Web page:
Cushan-Rishathaim

CUSHAN-RISHATHAIM koo’ shăn rĭsh’ ə thā'əm (כּוּשַׁ֣ן רִשְׁעָתַ֔יִם). (Rendered Chushan-rishathaim in the KJV.)

The King of Mesopotamia (Hebrew, Aram-naharaim) in the period of the Judges (Judg 3:8). He ruled over Israel for eight years. The occasion of his Oppression was the Sin of the Children of Israel. They did Evil in God’s sight and forgot God, serving instead the Baalim and the Asheroth (Judg 3:7).

God consequently sold Israel into the hands of Cushan-rishathaim, soon after the death of Joshua, a little later than 1200 b.c.

After eight years of subjection to this king, the Israelites cried to God who gave to them a deliverer, Othniel, the nephew of Caleb. Othniel, by God’s Spirit, prevailed over Cushan-rishathaim.

The identity of this king and his Kingdom are much in dispute. There are two basic views concerning his identity, however:

  • He is from the area of the two rivers (the Tigris and Euphrates) as the Hebrew would seem to imply (Aram-naharaim means “Aram of the two rivers”). Such a country is known from Egyptian manuscripts as well as from Tell-el-amarna. The people of this land could have been the Mitanni. It is also possible that he was a Hittite ruler of that area.
  • He is from Edom and the word “Aram” is a mistake. It should read, “Edom-of the two wickednesses” (Rishathaim from the Heb. רֶ֫שַׁע, H8400, “wickedness”) or “Rêsh-hattêmānî, chief of the Temanites.” In support of this latter view it is argued that the ending-an is like many Edomite tribal names and consequently the corruption to “Rishathaim” is a deliberate attempt of the writer to corrupt the name and denounce him before the people of Israel as the English might later corrupt the name Adolf Hitler to be “Adolf Hater.”
  • Since the latter is highly speculative, the former is more probable. The first view does no violence to the text. Furthermore, the 12th century b.c. witnessed the rise of the Assyrian empire. In the latter part of the cent., both in Assyria and Babylonia, forerunners of the great empires came into power. In Assyria there was Tiglath-pileser I and in Babylonia, in the same period, was Nebuchadnezzar I. Cushan-rishathaim was possibly from one of these dynasties, both properly in the Mesopotamian area.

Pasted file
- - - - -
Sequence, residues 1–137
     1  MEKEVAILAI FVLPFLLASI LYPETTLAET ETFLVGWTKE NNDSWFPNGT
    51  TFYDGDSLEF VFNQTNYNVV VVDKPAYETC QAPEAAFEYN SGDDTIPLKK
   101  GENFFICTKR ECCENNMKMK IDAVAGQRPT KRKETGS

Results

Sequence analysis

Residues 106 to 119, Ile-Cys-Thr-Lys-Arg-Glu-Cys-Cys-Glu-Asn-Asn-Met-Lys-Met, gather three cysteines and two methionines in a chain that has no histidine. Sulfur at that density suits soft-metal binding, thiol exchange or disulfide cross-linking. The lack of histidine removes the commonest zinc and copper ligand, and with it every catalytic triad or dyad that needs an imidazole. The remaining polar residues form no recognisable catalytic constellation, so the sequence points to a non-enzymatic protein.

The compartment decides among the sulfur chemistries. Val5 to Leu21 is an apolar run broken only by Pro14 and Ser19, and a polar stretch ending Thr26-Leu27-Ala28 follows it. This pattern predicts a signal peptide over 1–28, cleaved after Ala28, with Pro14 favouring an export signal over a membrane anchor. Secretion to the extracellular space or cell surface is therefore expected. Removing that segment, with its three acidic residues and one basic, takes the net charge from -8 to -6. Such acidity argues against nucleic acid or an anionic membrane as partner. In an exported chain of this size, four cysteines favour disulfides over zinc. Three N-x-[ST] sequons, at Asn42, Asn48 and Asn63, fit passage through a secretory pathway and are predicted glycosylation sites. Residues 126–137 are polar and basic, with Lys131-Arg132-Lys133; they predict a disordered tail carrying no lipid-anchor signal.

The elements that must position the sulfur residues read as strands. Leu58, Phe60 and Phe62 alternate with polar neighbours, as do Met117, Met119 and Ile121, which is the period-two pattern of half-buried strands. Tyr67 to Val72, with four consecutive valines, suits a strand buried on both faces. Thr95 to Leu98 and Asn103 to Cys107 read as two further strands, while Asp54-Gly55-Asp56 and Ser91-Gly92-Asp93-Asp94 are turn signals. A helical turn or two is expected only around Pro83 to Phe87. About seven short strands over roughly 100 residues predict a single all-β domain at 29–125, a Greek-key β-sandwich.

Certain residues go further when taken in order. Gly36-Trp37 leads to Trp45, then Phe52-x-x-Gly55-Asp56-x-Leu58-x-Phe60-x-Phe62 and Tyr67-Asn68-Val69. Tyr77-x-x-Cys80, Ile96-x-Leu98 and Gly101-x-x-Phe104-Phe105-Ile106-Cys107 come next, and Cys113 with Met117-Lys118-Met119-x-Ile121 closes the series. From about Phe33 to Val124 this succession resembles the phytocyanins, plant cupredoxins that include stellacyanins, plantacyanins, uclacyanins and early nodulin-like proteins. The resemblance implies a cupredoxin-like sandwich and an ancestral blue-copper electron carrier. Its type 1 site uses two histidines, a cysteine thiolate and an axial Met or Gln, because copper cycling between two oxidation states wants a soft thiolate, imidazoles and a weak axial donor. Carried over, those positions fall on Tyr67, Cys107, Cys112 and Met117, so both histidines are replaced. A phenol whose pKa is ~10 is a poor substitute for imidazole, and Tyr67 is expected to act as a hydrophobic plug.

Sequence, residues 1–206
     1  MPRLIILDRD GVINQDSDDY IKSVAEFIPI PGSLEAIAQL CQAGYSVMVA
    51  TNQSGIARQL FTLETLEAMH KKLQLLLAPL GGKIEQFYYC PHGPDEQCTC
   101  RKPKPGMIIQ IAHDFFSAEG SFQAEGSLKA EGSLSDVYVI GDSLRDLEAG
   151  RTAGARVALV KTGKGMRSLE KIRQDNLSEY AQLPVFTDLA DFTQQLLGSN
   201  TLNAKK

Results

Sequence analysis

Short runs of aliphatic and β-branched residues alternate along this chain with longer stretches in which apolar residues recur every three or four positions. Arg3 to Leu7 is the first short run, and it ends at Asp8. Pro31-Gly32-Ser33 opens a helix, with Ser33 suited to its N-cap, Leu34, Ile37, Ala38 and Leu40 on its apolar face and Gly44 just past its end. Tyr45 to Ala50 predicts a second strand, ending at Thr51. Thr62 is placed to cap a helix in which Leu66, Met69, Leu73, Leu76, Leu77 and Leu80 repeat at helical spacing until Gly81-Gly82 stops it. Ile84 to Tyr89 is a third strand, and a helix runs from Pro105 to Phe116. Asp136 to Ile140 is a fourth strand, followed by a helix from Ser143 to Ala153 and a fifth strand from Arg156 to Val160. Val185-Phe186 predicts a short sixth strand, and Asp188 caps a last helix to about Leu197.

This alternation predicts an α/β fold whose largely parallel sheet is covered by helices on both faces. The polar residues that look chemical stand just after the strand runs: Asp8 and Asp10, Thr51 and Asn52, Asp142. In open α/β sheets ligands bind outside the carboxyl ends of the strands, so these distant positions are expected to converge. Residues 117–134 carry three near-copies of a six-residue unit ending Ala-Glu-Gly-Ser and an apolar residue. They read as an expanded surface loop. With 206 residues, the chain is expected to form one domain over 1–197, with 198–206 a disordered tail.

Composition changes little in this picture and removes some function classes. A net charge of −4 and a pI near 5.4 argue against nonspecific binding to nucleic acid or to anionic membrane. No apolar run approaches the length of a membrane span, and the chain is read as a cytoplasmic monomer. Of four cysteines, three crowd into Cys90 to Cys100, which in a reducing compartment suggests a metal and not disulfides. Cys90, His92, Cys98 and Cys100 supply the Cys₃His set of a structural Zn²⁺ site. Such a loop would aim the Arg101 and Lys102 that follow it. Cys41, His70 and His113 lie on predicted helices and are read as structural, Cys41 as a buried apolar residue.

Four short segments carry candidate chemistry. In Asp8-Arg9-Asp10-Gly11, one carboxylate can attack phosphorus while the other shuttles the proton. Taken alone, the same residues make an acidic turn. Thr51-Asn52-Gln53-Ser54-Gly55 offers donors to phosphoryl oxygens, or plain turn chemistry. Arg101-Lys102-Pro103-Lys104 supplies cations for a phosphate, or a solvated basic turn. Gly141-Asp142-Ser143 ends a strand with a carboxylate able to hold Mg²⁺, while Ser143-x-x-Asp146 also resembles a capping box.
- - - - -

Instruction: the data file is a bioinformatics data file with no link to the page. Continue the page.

Bibliography

    J. Bright, A History of Israel (1960), 156ff.

    International Standard Bible Encyclopedia (1915)

    Mentioned in Jud 3:8-10 as a king of Mesopotamia who was chosen by God as his tool to chastise the Israelites for their idolatry. After Joshua’s death the children of Israel soon began to affiliate themselves with the heathen peoples among whom they dwelt. This was the fertile source of all their troubles. God delivered ("sold") them into the hands of the heathen. C.-r. is the first whose name is given in this connection. Barring this short passage in Jud nothing is known of the man. Eight years the Israelites were under his dominion, when the Lord raised up a deliverer to them, Othniel, the son of Kenaz, Caleb’s younger brother--the first of the judges.